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Chapter 6: Fluoride
Introduction
Fluoride is the negatively charged ionic form of the element fluorine that has a high affinity for calcium. In the human body, it is mainly associated with bones and teeth. Fluoride plays a very important role in the prevention of dental caries. Although the primary mechanism of action of fluoride in preventing dental caries is topical, systemic mechanisms are also important.

Fluoride acts in the following 3 ways to prevent dental caries (listed in order of importance):


 
1.
It enhances remineralization of the tooth enamel. This is the most important effect of fluoride in caries prevention.
 
2.
It inhibits demineralization of the tooth enamel. A mineral structure of the tooth that includes fluoride (fluorapatite) is more resistant to demineralization than one without fluoride (
Hydroxyapatite: A complex phosphate of calcium Ca5(PO4)3OH that occurs as a mineral and is the chief structural element of vertebrate bone.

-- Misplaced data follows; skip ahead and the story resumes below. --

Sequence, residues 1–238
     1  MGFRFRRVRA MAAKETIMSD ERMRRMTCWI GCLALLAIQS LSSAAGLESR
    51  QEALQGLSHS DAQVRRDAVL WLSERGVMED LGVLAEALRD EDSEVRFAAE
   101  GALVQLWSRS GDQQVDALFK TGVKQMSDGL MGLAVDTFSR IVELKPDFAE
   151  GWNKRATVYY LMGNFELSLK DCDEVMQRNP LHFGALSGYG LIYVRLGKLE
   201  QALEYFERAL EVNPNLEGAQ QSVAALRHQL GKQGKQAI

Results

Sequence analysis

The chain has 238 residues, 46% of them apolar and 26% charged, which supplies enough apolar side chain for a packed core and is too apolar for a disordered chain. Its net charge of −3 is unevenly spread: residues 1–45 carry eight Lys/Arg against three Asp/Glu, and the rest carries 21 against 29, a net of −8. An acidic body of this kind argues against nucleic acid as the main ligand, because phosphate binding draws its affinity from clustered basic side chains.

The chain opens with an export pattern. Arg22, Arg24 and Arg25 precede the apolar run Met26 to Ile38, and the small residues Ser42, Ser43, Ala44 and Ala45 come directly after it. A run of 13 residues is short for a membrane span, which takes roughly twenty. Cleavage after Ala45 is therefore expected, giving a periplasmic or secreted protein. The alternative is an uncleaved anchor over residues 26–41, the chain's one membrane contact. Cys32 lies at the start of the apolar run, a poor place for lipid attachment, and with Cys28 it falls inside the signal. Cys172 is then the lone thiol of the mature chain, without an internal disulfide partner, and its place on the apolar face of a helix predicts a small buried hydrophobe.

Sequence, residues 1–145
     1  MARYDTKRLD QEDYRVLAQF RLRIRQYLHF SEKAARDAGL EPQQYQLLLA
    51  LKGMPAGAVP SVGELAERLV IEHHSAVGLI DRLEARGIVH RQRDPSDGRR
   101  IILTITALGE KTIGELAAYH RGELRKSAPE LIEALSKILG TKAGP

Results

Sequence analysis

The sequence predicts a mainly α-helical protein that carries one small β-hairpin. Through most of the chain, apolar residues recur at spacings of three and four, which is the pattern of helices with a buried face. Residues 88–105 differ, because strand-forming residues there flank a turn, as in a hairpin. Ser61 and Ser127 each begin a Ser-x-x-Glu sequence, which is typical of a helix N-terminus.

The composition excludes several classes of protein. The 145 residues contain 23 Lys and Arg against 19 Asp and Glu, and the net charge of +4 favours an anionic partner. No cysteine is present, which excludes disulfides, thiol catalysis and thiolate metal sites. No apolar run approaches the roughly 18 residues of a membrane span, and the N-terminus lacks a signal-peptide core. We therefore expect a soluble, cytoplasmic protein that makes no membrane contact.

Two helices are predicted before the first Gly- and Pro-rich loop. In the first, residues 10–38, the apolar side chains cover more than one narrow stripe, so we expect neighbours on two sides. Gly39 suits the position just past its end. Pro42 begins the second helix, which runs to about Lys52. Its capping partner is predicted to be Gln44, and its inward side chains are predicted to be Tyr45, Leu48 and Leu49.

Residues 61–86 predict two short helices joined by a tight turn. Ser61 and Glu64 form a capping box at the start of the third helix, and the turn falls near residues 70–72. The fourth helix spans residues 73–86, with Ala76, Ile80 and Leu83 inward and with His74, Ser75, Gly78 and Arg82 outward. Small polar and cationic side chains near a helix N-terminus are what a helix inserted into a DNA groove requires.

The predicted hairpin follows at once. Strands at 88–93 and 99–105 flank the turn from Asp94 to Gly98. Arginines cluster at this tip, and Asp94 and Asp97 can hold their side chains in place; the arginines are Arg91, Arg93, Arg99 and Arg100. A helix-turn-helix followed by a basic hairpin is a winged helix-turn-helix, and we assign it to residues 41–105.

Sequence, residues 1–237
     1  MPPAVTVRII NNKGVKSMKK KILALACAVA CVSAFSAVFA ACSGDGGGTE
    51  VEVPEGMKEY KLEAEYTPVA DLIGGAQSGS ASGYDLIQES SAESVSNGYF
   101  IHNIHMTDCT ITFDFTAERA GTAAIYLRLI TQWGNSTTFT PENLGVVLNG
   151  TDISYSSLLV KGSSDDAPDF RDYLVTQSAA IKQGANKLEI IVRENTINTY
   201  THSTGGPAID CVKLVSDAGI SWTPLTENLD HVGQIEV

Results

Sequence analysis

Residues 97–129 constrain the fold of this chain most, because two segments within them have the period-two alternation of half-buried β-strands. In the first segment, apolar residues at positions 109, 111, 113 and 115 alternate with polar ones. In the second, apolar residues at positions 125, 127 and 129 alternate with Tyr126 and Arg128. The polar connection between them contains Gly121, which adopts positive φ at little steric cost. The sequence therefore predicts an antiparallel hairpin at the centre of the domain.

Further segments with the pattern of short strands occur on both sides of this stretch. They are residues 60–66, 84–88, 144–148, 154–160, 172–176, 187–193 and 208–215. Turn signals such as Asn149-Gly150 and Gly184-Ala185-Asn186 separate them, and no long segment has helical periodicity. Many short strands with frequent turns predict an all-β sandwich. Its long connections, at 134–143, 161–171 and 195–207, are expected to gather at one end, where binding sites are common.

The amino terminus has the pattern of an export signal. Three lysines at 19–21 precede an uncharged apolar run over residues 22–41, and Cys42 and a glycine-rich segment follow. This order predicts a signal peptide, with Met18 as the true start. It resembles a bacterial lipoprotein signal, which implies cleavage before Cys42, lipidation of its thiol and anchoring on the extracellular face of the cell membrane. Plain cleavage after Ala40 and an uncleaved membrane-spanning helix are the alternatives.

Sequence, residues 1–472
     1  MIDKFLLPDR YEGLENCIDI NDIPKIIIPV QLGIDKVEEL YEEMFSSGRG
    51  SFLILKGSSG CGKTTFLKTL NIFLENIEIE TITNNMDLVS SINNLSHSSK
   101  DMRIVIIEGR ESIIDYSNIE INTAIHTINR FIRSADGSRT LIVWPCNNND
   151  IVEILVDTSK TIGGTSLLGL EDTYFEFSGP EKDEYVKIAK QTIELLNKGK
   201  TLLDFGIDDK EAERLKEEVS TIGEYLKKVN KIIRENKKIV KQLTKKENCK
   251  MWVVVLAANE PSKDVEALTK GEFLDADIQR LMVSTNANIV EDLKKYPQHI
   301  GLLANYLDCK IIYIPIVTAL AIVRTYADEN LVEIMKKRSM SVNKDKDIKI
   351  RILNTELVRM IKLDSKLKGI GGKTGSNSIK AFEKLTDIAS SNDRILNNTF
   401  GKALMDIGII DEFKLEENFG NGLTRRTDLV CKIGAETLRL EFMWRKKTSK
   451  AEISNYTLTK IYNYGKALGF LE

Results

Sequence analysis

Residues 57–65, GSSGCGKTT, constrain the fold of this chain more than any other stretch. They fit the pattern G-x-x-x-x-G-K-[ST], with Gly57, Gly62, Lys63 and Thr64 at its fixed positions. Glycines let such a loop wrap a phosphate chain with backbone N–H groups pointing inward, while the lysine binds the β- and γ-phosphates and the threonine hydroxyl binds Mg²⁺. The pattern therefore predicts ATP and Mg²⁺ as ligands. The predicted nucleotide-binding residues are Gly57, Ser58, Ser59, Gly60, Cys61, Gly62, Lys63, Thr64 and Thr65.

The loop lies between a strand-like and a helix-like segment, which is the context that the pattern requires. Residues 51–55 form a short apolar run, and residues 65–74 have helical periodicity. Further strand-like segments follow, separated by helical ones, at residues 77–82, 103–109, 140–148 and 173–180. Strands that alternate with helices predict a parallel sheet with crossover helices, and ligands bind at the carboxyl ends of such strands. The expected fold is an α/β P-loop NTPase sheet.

hydroxyapatite).
 
3.
It makes cariogenic bacteria (eg, streptococcus mutans) less able to produce acid from carbohydrates.

See Chapter 4: Caries for a complete review of the pathogenesis of dental caries.

Sections
1.
Systemic Sources of Fluoride
2.
Topical Sources of Fluoride
3.
Recommendations
   
Water Fluoridation
   
Fluoride Supplementation
4.
Fluorosis
5.
Toothpaste
6.
Key Points
7.
Self-Assessment Questions
 
Upon chapter completion, participants will be able to:
 
1.
State the 3 mechanisms of action of fluoride in dental caries prevention.
 
2.
Summarize the available sources of fluoride and their relative benefits.
 
3.
List strategies to minimize the development of fluorosis.
 
4.
Discuss the fluoride supplementation guidelines.
 
5.
Recognize the various forms of fluorosis and recall their prevalence.
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